Japan's Abe says he will call snap election for parliament

Japan PM Shinzo Abe says time for North Korea dialogue is over

Japan's Prime Minister Shinzo Abe has chose to call snap elections in the country, as he informed his coalition partner on Monday that he will dissolve the lower house of the parliament on September 20, reports state. He added that he would resign as Prime Minister if his party failed to win a majority.

Abe rejected criticism that holding an election would create a political vacuum at a time of rising tension over North Korea's missile and nuclear arms program.

Abe said at a news conference that he will dissolve the 475-seat chamber on Thursday when it convenes after a three-month summer recess. On that basis, Prime Minister Abe noted the importance of applying pressure at an unprecedented and new level on North Korea, and emphasized the need to fully implement the relevant Security Council resolutions, including the recently adopted Resolution 2375, in order to avoid any loopholes in the sanctions regime.

The prime minister said the snap election was called in an attempt "to deal with the biggest challenge facing Japan, which is the population aging and low birthrate".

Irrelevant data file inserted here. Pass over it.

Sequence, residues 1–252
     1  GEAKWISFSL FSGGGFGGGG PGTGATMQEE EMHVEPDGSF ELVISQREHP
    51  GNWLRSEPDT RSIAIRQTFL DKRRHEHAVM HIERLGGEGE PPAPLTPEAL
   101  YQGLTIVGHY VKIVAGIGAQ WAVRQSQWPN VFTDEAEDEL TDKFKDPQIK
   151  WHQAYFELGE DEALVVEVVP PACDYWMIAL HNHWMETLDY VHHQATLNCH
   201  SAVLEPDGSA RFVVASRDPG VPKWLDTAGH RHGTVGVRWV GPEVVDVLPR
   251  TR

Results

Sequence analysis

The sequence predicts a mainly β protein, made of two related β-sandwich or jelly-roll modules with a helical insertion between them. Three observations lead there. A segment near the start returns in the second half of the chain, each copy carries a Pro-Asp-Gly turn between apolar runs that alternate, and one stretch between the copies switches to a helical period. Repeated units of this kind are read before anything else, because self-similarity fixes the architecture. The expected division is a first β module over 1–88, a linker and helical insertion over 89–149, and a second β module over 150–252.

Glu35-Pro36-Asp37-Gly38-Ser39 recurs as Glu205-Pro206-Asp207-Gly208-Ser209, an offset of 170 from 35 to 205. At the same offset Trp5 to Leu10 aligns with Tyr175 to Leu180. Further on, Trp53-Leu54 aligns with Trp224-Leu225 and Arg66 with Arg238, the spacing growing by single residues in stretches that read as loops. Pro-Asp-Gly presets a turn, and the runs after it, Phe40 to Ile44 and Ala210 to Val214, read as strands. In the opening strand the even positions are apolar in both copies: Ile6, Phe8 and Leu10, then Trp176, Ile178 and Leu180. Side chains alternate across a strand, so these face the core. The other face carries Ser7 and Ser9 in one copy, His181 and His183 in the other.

He has also announced a new 2 trillion yen (£13.2 billion) stimulus package focused on debt reduction, education and social spending.

Despite a recent run of growth, the election victor will also have to contend with a sluggish economy, as the heavily indebted country grapples with a low birth rate and a shrinking labour force.

"I am against such threats", said Dr Merkel, who has been openly critical of Mr Trump in the run-up to Germany's election on Sunday.

Hours before Mr Abe announced the October 22 election, Yuriko Koike, the governor of Tokyo, and a woman often tipped to be Japan's first female prime minister, launched Kibo-no-to, or the Party of Hope, a national party building on her own election success in the capital.

A scandal surrounding the government approval process for a school building project sent support ratings for Abe's Cabinet plunging in July. The same survey by Nikkei business daily showed 44 percent of voters planned to vote for the LDP.

The LDP and its junior coalition partner Komeito control 323 seats, or more than two-thirds, in the Lower House.

Her announcement put an end to weeks of speculation about the outcome of negotiations between Masaru Wakasa, an independent lower house lawmaker and ally to Ms Koike, and defectors from other parties, including Goshi Hosono, a former environment minister who recently left the Democratic Party.



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